De plus, les résultats de cette étude a incité à entreprendre l'analyse des voies biochimiques utilisées par MLM et M. bovis BCG lorsqu'elles pénètrent leurs hôtes cellulaires, une recherche maintenant en cours dans notre laboratoire.


Medimos la liberación de intermediarios reactivos del oxígeno, ROÍ (peróxido de hidrógeno anión superóxido) por los macrófagos peritoncales de ratón estimulados in vitro con Mycobacterium lepraemurium (MLM), levaduras opsonizadas con complemento, M. bovis BCG, M. phlei. o con el éster forbólico del ácido mirístico (PMA). Encontramos que excepto MLM, todos los otros materiales provocaron la liberación de cantidades importantes de peróxido de hidrógeno y de anión superóxido. MLM penetró en los macrófagos sin despertar en ellos el metabolismo oxidativo. La preinfección de los macrófagos por MLM no alteró su capacidad para liberar cantidades normales de ROÍ en respuesta a otros microorganismos o a PMA. Los macrófagos tampoco produjeron ROÍ cuando se trataron con MLM muerto por calor o cuando se preincubaron con interferon gamma (IFNγ). MLM tiene varios atributos que le permiten sobrevivir dentro de los macrófagos: a) es un microorganismo no toxigénico (no daña a su huésped), b) resiste las inhóspitas condiciones del medio intrafagosomal (una propiedad quizá dependiente de su gruesa estructura lipídica), y c) penetra a los macrófagos sin despertar su respuesta oxidativa (evitando así la producción de los intermediarios tóxicos del oxígeno). Por estos atributos (y otros discutidos en este trabajo), reconocemos a MLM como un parásito de los macrófagos altamente evolucionado y bien adaptado a la vida intracelular.
Los resultados del presente estudio motivaron además, el análisis de las vias bioquímicas usadas por MLM y por M. bovis BCG para penetrar en los macrófagos, un tema de investigación actual en el laboratorio.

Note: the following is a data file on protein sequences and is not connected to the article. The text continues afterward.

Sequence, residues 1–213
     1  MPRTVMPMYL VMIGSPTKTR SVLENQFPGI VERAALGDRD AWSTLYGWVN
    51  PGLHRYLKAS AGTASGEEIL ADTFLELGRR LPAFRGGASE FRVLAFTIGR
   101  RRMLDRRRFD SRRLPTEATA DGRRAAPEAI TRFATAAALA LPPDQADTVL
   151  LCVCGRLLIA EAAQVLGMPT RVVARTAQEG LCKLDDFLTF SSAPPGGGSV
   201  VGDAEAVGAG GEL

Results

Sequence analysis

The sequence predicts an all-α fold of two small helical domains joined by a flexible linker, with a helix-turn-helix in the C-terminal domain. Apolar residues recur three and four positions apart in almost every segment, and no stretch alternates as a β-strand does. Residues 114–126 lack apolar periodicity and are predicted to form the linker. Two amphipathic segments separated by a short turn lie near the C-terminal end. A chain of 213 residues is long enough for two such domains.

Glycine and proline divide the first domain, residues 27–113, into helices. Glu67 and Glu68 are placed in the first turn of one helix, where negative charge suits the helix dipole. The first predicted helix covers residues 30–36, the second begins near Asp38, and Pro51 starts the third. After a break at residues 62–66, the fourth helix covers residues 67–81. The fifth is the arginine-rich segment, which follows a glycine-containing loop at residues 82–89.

Pathogenic mycobacteria have developed a series of strategies to protect themselves from the noxious effects of the antimicrobial mechanisms of the phagocytic cells. The pioneering work of Hart, et al. (13) showed that virulent Mycobacterium tuberculosis resists the intracellular environment because it is able to inhibit the fusion of lysosomes with the mycobacterial-containing phagosomes. Shortly after, Goren, et al. (11) found that the purified sulfatides of the mycobacteria were themselves capable of preventing the phagosome-lysosome fusion in cultured macrophages [when formed, phagolysosomes contain most of the microbicidal weapons of the phagocytes, including neutral and acid hydrolytic enzymes, reactive oxygen intermediaries (ROI), and the very toxic system of the myeloperoxidase]. Then, Myrvik's group (23) provided evidence that M. tuberculosis H37Rv but not M. tuberculosis H37Ra was able to disrupt the phagosomal wall and escape to the cytoplasm where it could live freely, far from the inhospitable intraphagosomal environment. McDonough, et al. (20) found that some of the escaped bacilli lodged not only in the cytoplasm but also within nonfused vesicles. This has also been shown to happen with living M. leprae (28). More recently, it has been shown that M. tuberculosis H37Rv and virulent M. avium modify their phagosomes, making them more comfortable compartments (6). These modified phagolysosomes lack the acidifying system of the proton-ATPase (30) and other components of the mature phagolysosome (4). Under these conditions, acid-activated hydrolases do not fully operate and the myeloperoxidase (MPO) system is also considerably inhibited (16).